We are constantly working to meet the needs of our enterprise customers, including enhanced security for their communications. Our aim is to offer a secure method to transport sensitive information despite insecure channels with email today and without compromising Gmail extensive protections for spam, phishing and malware.
Why hosted S/MIME?
Client-side S/MIME has been around for many years. However, its adoption has been limited because it is difficult to deploy (end users have to manually install certificates to their email applications) and the underlying email service cannot efficiently protect against spam, malware and phishing because client-side S/MIME makes the email content opaque.
With Google’s new hosted S/MIME solution, once an incoming encrypted email with S/MIME is received, it is stored using Google's encryption. This means that all normal processing of the email can happen, including extensive protections for spam/phishing/malware, admin services (such as vault retention, auditing and email routing rules), and high value end user features such as mail categorization, advanced search and Smart Reply. For the vast majority of emails, this is the safest solution - giving the benefit of strong authentication and encryption in transit - without losing the safety and features of Google's processing.
Using hosted S/MIME provides an added layer of security compared to using SMTP over TLS to send emails. TLS only guarantees to the sender’s service that the first hop transmission is encrypted and to the recipient that the last hop was encrypted. But in practice, emails often take many hops (through forwarders, mailing lists, relays, appliances, etc). With hosted S/MIME, the message itself is encrypted. This facilitates secure transit all the way down to the recipient’s mailbox.
S/MIME also adds verifiable account-level signatures authentication (versus only domain-based signature with DKIM). This means that email receivers can ensure that incoming email is actually from the sending account, not just a matching domain, and that the message has not been tampered with after it was sent.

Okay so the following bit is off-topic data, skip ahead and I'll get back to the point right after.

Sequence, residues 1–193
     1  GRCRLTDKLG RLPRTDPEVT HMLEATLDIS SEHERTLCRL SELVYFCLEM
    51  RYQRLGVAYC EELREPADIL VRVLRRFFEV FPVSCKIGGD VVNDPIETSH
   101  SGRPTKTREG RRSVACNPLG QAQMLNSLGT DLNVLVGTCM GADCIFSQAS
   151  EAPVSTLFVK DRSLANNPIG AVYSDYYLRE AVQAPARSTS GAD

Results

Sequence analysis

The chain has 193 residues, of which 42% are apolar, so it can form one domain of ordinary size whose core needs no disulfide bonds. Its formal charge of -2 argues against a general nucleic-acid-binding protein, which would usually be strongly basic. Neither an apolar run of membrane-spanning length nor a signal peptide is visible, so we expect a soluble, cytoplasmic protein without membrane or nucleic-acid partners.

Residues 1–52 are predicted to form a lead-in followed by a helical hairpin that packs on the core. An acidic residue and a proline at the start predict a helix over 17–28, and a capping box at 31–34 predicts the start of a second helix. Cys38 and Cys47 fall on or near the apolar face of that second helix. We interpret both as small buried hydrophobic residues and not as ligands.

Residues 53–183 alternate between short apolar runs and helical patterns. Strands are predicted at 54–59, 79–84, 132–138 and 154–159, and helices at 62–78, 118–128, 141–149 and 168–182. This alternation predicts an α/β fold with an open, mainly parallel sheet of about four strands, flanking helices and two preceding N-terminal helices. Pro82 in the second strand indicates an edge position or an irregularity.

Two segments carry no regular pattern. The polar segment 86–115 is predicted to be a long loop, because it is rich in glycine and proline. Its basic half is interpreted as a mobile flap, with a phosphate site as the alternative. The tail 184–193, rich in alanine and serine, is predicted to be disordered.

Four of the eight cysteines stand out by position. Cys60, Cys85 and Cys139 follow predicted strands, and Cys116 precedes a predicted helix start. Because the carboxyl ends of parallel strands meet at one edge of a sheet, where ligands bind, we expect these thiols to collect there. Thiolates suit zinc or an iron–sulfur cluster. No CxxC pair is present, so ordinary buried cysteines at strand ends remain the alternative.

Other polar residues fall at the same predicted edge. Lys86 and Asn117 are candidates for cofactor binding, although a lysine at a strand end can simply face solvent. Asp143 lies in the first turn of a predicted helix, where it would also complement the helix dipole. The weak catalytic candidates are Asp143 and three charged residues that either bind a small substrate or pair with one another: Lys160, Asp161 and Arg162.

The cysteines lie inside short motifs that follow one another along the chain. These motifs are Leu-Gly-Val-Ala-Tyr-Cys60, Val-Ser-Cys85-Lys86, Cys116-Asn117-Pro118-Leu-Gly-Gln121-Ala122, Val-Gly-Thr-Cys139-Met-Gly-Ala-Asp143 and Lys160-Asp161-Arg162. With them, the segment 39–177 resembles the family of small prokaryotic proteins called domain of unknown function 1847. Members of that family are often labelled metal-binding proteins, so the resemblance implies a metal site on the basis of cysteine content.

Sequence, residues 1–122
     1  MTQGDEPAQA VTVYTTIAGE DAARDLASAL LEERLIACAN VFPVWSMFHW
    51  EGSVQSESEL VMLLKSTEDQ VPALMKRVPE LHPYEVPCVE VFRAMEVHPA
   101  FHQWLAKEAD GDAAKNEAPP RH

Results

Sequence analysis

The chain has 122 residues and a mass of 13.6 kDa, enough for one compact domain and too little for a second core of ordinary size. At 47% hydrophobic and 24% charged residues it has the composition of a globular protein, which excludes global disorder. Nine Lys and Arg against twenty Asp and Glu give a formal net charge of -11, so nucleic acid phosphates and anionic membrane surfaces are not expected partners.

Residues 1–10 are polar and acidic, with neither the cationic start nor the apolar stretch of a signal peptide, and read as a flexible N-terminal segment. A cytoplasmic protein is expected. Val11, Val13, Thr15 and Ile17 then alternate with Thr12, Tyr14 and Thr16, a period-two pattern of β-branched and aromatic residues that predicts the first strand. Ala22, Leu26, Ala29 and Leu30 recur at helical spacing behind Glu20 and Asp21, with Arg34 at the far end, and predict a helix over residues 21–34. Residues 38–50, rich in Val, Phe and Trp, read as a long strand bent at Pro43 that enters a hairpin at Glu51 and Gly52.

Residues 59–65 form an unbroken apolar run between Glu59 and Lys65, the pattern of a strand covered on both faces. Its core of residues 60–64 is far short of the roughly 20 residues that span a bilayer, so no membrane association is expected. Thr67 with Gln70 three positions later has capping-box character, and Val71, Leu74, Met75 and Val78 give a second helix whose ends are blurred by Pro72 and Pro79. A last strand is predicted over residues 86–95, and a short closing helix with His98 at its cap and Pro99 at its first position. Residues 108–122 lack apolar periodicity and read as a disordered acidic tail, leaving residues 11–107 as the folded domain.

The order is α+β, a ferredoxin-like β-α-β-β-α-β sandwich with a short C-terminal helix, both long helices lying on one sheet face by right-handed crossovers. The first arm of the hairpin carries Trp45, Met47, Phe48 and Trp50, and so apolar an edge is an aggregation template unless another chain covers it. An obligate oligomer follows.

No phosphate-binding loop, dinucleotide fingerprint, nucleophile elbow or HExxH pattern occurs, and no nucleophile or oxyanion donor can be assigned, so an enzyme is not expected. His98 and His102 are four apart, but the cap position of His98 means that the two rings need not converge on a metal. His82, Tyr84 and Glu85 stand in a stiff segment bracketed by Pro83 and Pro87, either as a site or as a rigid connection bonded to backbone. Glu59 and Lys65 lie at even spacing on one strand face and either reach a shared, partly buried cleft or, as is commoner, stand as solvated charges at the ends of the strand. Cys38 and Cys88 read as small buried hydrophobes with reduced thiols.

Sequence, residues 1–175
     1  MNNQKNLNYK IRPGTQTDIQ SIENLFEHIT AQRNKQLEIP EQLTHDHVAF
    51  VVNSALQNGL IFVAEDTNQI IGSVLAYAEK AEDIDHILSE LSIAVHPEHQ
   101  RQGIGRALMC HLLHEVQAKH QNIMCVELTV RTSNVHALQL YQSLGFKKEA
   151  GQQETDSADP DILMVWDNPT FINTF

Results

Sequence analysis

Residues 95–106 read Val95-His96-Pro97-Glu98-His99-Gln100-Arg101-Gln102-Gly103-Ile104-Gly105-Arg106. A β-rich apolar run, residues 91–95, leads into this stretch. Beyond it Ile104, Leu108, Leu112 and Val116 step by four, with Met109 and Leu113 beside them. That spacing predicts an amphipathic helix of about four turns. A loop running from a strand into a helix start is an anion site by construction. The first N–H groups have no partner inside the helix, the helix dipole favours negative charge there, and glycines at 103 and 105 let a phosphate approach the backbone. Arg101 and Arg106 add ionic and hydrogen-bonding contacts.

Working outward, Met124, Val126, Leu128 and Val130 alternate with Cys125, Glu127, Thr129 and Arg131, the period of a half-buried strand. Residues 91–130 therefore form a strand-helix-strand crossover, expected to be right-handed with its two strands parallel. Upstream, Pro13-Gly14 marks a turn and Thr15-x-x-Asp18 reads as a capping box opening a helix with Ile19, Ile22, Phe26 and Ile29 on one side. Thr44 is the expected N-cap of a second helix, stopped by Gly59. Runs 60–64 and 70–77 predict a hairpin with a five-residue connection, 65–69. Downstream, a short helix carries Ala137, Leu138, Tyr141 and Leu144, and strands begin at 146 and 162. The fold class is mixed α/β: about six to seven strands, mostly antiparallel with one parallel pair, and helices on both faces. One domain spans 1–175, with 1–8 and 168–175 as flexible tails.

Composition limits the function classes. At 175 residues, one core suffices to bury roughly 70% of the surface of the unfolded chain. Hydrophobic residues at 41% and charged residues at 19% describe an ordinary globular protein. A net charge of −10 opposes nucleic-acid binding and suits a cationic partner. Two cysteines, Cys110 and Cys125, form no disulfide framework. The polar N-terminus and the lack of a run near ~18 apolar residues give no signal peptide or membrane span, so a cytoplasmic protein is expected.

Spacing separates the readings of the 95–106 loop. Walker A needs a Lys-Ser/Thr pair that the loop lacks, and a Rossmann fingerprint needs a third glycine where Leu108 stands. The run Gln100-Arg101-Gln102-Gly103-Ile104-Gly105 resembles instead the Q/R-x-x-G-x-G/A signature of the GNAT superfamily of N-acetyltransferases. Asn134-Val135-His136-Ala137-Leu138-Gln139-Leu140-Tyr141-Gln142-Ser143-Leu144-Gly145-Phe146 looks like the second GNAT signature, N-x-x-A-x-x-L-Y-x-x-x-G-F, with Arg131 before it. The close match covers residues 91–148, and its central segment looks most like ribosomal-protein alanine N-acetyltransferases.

How to use hosted S/MIME?
S/MIME requires every email address to have a suitable certificate attached to it. By default, Gmail requires the certificate to be from a publicly trusted root Certificate Authority (CA) which meets strong cryptographic standards. System administrators will have the option to lower these requirements for their domains.
To use hosted S/MIME, companies need to upload their own certificates (with private keys) to Gmail, which can be done by end users via Gmail settings or by admins in bulk via the Gmail API.
From there, using hosted S/MIME is a seamless experience for end users. When receiving a digitally signed message, Gmail automatically associates the public key with the contact of the sender. By default, Gmail automatically signs and encrypts outbound messages if there is a public S/MIME key available for the recipient. Although users have the option to manually remove encryption, admins can set up rules that override their action.
Hosted S/MIME is supported on Gmail web/iOS/Android, on Inbox and on clients connected to the Gmail service via IMAP. Users can exchange signed and encrypted emails with recipients using hosted S/MIME or client-side S/MIME.
Which companies should consider using hosted S/MIME?
Hosted S/MIME provides a solution that is easy to manage for administrators and seamless for end users. Companies that want security in transit and digital signature/non-repudiation at the account level should consider using hosted S/MIME. This is a need for many companies working with sensitive/confidential information.
Hosted S/MIME is available for G Suite Enterprise edition users.